Daniel P Perez confesses to not being a scholar on Cuba but in 2003 having studied the country intensely he travelled to Cuba as an undergraduate. A land that has seen over 50 years of continued US sanctions. His trip gave him an insight into medical treatment, education and lives for many youths growing up. These are his words and pictures.
In Cuba, as in many other places, people do not tend to go to the hospital alone. Here, a young soldier explains to a doctor how he has been having stomach pains. The two other soldiers are his friends and are there for support.
As a result of the American blockade against Cuba, the island nation has had to rely on many forms of alternative medicine. Cuba has thus become a world leader in biomedical research. The doctor pictured here makes about $25 a month, lives with his mother, stepfather, and his aunt, in a home-made cinder block home. He rides his bicycle to Hospital Calixto García in Havana every day.
I remember when I took this shot how odd it was. Cuban kids skateboarding next to an old building. The first thing I thought was “somebody in that group has family in the States.” Later, I thought the image reflected in my mind what represents the most important challenge facing Cuba then and today. It’s not the USA, it’s Cuban youth. How can Cuba captivate its youth amidst the daily struggles? These young people have no memory of the revolution, they have no memory of how life was under Batista.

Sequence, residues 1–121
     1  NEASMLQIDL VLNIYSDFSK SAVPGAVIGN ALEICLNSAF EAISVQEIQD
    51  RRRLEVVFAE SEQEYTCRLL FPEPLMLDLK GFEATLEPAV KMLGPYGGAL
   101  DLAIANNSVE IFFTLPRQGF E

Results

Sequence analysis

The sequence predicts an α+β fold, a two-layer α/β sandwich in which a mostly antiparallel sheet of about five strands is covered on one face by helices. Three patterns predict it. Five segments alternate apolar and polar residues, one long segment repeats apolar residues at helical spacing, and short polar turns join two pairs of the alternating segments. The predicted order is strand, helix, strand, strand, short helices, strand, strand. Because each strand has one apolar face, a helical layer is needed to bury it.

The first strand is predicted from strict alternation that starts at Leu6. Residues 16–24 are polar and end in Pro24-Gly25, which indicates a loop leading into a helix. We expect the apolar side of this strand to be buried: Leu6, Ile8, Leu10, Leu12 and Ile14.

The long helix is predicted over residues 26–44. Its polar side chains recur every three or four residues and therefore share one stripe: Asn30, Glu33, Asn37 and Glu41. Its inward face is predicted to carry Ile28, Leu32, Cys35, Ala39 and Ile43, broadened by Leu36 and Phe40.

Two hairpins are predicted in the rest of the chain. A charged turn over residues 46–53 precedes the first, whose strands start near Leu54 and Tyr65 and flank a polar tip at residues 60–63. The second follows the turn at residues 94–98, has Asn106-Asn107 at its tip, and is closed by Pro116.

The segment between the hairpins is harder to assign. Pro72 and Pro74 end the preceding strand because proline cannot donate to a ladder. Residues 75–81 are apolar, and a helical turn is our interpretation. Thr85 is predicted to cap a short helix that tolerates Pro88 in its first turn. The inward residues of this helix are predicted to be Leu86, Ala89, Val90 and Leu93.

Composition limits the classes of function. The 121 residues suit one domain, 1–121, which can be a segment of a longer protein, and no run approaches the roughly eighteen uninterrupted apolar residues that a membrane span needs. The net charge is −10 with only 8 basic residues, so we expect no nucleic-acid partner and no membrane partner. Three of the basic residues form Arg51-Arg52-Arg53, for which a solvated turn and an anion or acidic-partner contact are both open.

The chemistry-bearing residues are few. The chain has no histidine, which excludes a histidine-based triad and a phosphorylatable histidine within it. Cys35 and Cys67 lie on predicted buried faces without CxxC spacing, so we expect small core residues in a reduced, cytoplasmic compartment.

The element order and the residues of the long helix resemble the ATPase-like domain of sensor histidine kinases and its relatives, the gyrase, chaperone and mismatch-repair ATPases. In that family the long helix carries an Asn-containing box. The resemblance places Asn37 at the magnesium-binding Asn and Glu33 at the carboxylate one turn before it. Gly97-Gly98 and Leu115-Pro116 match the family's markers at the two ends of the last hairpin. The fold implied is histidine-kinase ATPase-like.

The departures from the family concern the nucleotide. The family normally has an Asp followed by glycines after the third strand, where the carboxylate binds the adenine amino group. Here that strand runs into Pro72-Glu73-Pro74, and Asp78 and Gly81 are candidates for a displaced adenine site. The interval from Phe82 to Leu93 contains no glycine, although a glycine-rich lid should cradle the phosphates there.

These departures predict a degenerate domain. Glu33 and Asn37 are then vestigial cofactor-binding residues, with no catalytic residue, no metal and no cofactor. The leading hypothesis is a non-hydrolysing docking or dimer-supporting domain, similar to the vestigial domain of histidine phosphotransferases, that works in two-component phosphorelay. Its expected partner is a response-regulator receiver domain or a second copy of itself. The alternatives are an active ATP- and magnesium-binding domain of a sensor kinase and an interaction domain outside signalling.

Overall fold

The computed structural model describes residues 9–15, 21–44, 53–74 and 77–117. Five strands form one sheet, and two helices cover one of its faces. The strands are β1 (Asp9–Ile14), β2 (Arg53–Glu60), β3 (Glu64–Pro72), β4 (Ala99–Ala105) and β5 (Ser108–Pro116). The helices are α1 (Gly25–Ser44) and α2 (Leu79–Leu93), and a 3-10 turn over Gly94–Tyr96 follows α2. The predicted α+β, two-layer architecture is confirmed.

Here children gather in a classroom, during a graduation day ceremony, that was once a plush bedroom in a mansion prior to the 1959 revolution.
In Cuba, as in many other places, people do not tend to go to the hospital alone. Here a mother looks on as her daughter is given a medical exam. I asked why nobody ever came in to the doctors office alone, and the doctor responded, “for support.”
Here young boys play baseball between two condemned buildings in Havana. At the time Havana was believed to be losing around 300 buildings per year due to age, scarcity of materials, lack of funding and shortage of skilled labour. There has been a national effort in Cuba to restore many of their historic buildings, some of which date back to the 16th century.
This is to me, is my most memorable photograph. I went to Cuba in 2003 as a student studying among other things, the Cuban education system. I visited this elementary school and met with students, teachers, and administrators, and I had the unique opportunity to witness an elementary school graduation ceremony. I stood on stage just as they started their national anthem. Afterwords, the school principle announced our presence (there were two of us there) by saying, “we have some visitors from a friendly country.” I will never forget my time there.
Here school children gather around their teacher in order to have their school uniforms signed in celebration of their graduation from 6th grade. In Cuba many of the children will have the same teacher from grades K-6. As a result of this arrangement children and teachers become like family and the absenteeism rate is very low.
Here young people play a makeshift game of soccer in a plaza. Notice that two of the kids are sharing shin pads!
Words and pictures Daniel P Perez
In 2006 Luis Fernando Montero Avila left his home country of Venezuela and travelled to Madrid in search of work and hope for a better life. These are his words and pictures.
My first visit to Hawaii was back in 1994. Then it was the island of Oahu and around Waikiki that I spent most of my time. Although I had some great memories the place felt a little too commercial, built-up and touristy with Honolulu feeling a long way away from Elvis’ Blue Hawaii.